City Hall is looking to shut down crematoriums at two different Phnom Penh pagodas, municipal officials said yesterday, in an effort to discontinue all centrally located crematoriums in the capital.
Both crematoriums at Wat Koh in Daun Penh district and Wat Preah Puth Mean Bon in Prampi Makara district will be closed, deputy director of the Phnom Penh Department of Environment Seng Kry said, but the date of their closure is not yet known.
Municipal Deputy Governor Pa Socheatvong said City Hall is proceeding gradually since several large-scale crematoriums slated to replace the shuttered facilities in central Phnom Penh’s pagodas are not yet built or operational.
“We will shut down all, but the process will be done step by step as we only have one new crematorium [operational],” the deputy governor said, adding that plans are to build up to three more cremation centers outside the city.
The recent announcement comes on the heels of the dismantling of a crematorium at Wat Lanka in Chamkar Mon district, which was the second facility to be shuttered after Wat Ounalom’s in May.
According to a plan made public in 2004, municipal authorities said all inner-city crematoriums would close and be replaced by four massive electric crematoriums to be located outside the city’s center.
In July, authorities said a new crematorium located at the Russei Sanh pagoda on the outskirts of Phnom Penh’s Dangkao district would begin handling funeral ceremonies.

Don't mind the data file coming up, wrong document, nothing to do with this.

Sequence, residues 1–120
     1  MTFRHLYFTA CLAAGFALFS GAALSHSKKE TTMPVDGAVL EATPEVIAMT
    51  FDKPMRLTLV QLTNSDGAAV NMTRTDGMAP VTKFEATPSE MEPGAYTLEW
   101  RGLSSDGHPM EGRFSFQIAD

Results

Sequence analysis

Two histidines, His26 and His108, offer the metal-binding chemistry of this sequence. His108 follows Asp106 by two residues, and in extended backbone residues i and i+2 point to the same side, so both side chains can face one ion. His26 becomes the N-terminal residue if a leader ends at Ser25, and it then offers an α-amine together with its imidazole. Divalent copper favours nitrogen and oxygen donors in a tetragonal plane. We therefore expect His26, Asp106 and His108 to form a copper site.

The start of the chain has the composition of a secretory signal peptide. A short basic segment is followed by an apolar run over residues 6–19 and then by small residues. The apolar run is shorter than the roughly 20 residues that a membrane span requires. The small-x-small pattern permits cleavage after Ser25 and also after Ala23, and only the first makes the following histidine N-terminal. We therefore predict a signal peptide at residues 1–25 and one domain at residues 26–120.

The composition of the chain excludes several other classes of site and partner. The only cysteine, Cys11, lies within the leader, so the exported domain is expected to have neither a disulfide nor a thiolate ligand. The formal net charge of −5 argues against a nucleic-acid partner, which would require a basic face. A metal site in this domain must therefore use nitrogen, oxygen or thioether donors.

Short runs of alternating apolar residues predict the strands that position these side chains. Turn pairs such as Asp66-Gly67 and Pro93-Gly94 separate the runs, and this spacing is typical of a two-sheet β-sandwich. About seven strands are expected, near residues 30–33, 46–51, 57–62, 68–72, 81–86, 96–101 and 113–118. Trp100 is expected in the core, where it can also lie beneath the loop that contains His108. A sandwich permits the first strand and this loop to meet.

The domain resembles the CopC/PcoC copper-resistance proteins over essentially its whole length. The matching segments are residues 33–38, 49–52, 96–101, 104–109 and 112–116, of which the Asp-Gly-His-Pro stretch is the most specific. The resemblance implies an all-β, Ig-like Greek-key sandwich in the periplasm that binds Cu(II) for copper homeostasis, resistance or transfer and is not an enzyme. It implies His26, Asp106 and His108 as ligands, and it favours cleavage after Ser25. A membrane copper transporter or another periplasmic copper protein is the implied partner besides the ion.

Ma Theary, chief monk at Russei Sanh, said yesterday that the new crematorium was not operational and only about 90 percent completed. He expected construction to wrap up in November or December of this year.
“It is not used yet,” he said. “This new crematorium could serve a big part or up to half of the people in Phnom Penh.”
Mr Socheatvong said that closing crematoriums in the city was an effort to clean up the foul smells and smoky emissions created from the disposal of bodies in the traditional manner. He admitted not everyone was pleased with the plan but stated overall public support for the strategy was strong.
“We know that some people are happy and some are not, but we would follow the larger amount of people,” he said, adding the municipality is currently resurfacing the road to Russei Sanh pagoda to ease access to the site.